April 4, 2003
A research team led by Dr. Virgil Brown from the Emory Lipid Research Laboratory and the VA Medical Center, working closely with Emory Center for AIDS Research investigators, conducted two research studies -- one in a group of 202 HIV-positive women and one in a group of 271 HIV-positive men.
In the study of women, two-thirds had received ARV for at least three months, 25 percent had no therapy in the last three months, and 9 percent had received no ARV therapy. In the study of men, 85 percent had received ARV for more than three months and 15 percent had received no ARV therapy. In both groups, patients treated with either PIs or NNRTIs were more likely to have higher ApoC-III levels than patients on no therapy, and the elevated level of this biomarker corresponded to elevated triglyceride levels on both treatment groups.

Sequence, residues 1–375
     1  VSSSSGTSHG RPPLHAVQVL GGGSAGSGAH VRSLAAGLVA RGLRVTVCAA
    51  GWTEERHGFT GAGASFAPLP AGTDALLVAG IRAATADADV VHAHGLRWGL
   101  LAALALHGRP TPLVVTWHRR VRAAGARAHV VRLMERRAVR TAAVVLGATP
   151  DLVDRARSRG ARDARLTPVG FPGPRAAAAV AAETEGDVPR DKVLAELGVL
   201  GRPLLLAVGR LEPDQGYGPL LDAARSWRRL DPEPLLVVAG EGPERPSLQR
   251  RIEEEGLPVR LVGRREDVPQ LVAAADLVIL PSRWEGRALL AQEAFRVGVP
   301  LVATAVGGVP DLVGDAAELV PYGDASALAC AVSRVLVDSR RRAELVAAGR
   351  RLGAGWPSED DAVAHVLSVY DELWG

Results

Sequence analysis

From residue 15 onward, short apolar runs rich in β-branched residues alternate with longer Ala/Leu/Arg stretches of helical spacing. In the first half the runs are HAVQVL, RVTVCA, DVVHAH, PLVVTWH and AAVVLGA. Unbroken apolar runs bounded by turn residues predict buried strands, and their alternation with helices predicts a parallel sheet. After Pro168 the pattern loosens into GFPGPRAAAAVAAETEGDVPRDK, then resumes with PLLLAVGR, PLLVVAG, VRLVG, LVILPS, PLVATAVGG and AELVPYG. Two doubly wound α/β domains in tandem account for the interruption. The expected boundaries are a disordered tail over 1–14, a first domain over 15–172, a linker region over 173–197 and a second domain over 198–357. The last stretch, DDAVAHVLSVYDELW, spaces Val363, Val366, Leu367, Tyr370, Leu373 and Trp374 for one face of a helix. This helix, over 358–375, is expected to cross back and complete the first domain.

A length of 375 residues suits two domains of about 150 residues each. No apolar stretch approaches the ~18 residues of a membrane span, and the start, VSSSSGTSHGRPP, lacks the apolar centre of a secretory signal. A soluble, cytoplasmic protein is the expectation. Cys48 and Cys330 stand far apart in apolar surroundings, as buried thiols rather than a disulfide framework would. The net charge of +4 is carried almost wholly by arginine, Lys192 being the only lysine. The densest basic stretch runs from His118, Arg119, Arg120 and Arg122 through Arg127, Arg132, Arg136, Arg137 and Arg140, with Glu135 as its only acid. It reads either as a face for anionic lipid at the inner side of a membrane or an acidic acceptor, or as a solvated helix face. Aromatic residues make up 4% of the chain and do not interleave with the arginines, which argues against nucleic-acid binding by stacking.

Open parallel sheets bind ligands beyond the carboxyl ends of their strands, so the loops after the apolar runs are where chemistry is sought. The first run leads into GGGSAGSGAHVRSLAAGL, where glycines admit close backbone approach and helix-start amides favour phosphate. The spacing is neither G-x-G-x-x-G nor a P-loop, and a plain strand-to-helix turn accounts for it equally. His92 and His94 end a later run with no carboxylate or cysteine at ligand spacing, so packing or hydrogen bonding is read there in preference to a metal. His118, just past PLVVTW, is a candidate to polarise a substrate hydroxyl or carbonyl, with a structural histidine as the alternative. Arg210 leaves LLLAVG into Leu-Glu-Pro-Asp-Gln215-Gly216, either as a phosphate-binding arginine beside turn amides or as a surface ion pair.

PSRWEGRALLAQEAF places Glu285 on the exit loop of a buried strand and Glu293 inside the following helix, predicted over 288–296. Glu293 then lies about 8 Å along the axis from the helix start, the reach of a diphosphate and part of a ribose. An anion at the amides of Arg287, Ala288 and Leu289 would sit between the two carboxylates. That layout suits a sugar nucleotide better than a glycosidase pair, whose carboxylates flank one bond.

"This suggests that patients undergoing HIV therapy have impaired metabolism of triglyceride-rich lipoproteins," said Carlos del Rio, MD, associate professor of medicine at Emory University School of Medicine. "Because a large number of these patients also smoke and/or have diabetes, they are at increased risk of atherosclerosis, heart attack, and stroke." The research, "Elevated ApoC-III Levels Are Associated with Elevated Triglycerides in HIV Positive Men on PI or NNRTI Regimens," was presented in February at the 10th Conference on Retroviruses and Opportunistic Infections in Boston.